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Melbourne's Killer Driver Had A Long History Of Family Violence And Mental Health Issues

Despite rumours he was a terrorist, the man behind the attack had a long history of family violence and mental health issues.

The man who mowed down pedestrians in Melbourne's CBD had no links to terrorist or criminal organisations but had a long history of family violence.

Aap Image / AAPIMAGE

The 26-year-old drove into Melbourne's busiest intersection on Friday afternoon, performing burnouts before mounting the footpath and mowing down pedestrians.

Three people were killed, including a man and woman in their 30s and a young child. Five people remain in a critical condition.

During the chaos immediately after the incident an Italian tourist told a reporter that he heard the driver yelling "allah akhbar!".

The video quickly went viral on Twitter and far-right websites started linking the incident to Islamic terrorism.

One Nation leader Pauline Hanson told WA reporters, "I've just been told there's a terrorist attack that's just happened in Melbourne".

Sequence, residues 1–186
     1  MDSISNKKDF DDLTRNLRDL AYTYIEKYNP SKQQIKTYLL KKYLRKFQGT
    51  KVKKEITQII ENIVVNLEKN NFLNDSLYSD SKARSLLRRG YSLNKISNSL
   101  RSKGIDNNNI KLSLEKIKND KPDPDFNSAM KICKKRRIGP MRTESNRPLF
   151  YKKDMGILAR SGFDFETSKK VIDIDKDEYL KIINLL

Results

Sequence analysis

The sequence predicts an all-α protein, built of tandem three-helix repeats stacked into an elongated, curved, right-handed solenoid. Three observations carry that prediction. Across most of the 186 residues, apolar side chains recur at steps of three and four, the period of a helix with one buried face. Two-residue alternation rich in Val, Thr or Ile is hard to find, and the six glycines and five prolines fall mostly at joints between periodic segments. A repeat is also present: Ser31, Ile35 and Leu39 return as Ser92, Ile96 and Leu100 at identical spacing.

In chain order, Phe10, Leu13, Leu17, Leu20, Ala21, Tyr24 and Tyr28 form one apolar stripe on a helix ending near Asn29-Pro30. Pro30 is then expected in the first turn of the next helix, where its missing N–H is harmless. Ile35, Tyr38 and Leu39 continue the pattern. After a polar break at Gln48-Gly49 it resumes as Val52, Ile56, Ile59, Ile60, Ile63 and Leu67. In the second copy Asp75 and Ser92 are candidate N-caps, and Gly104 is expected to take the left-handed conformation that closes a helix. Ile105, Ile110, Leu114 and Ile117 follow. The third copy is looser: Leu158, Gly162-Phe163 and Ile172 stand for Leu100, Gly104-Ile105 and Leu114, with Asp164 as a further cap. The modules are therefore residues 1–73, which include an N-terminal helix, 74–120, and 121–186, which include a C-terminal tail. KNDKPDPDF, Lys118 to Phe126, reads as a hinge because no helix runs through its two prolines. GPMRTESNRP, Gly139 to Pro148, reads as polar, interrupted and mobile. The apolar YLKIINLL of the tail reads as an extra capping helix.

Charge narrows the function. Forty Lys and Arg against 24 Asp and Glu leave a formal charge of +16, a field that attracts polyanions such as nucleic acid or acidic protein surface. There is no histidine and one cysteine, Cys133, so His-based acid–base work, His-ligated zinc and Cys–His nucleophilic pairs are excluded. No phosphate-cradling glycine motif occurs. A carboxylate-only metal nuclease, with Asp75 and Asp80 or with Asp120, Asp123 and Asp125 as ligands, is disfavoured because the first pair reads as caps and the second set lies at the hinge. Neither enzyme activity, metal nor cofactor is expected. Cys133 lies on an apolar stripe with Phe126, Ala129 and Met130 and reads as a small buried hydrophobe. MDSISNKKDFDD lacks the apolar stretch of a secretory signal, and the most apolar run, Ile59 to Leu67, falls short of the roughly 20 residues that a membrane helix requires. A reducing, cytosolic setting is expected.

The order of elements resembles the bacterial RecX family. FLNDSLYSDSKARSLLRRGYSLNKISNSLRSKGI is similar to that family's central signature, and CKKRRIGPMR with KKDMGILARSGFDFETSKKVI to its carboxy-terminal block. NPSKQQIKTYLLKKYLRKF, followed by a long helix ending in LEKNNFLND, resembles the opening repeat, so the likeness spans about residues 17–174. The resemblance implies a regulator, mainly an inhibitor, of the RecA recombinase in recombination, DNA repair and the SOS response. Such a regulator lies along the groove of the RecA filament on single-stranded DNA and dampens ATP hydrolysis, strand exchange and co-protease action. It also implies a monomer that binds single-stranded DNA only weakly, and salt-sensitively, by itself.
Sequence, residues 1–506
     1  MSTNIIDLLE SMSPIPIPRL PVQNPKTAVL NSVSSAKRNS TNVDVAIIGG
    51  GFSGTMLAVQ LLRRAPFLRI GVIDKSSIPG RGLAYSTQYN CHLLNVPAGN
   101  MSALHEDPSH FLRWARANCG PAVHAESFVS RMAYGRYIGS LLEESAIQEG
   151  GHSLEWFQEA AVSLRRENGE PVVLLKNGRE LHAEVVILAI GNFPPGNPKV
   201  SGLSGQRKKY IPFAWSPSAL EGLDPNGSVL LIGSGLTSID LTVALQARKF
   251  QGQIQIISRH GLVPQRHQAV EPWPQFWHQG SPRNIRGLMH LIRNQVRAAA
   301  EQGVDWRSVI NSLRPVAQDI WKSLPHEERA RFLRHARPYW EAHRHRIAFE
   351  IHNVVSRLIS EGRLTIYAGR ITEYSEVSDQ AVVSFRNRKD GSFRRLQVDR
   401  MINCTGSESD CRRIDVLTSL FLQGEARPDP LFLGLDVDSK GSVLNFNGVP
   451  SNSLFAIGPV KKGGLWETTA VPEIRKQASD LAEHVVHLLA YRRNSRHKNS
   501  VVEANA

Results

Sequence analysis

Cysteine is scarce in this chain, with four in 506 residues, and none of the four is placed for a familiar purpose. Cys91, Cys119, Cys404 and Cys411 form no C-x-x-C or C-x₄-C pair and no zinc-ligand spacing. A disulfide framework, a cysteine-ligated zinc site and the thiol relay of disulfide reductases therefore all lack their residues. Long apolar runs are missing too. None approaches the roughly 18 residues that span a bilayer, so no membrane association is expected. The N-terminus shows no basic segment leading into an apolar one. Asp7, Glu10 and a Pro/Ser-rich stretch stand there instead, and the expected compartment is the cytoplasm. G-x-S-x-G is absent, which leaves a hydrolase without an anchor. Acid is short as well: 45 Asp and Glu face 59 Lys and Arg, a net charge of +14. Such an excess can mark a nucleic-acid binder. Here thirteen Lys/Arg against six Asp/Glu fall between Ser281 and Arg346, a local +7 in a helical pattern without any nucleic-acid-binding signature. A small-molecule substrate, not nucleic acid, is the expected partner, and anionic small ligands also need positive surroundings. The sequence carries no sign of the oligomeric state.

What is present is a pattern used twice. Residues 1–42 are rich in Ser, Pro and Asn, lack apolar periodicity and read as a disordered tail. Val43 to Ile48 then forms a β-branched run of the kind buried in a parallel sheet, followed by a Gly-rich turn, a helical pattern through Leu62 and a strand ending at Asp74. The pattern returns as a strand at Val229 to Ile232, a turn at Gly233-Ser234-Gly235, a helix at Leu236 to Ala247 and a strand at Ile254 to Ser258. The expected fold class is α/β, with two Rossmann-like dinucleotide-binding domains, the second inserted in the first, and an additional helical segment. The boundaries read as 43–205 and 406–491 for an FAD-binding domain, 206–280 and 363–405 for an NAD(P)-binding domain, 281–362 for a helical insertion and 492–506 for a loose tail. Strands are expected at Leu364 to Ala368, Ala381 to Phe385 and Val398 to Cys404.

But just hours after the deadly attack, police clarified that the man had no terrorist links. Instead he was enraged following a family stabbing incident earlier in the day.

Victorian police commissioner Graham Ashton said the man had a long history of family violence and had recently been charged by officers for assaulting family members.

"An extensive family violence history was involved... he had mental health and drug-related issues in the background of this particular person," Ashton said.

"He has been coming to our attention more recently over recent days in relation to assaults, family violence-related assaults, and also was charged by us over the course of last weekend."

According to police the 26-year-old was involved in a stabbing incident at 2am on Friday morning in Melbourne's south east.

Julian Smith / AAPIMAGE

Channel Nine later released footage that claimed to show the man trying to interrupt a live TV cross about the stabbing.

He's alleged to have also taken a woman hostage in his car, who later escaped on Melbourne's Bolte Bridge.

But on Friday evening Victorian premier Daniel Andrews wanted to make it clear the man who'd caused chaos in Melbourne's CBD had nothing to do with terrorism

"There are no links to terrorist organisations, no links to any other criminal activity, he is no longer a threat to the safety of law-abiding decent, hard working Victorians," Andrews said.

Mark Di Stefano is a media and politics correspondent for BuzzFeed News and is based in London.

Contact Mark Di Stefano at

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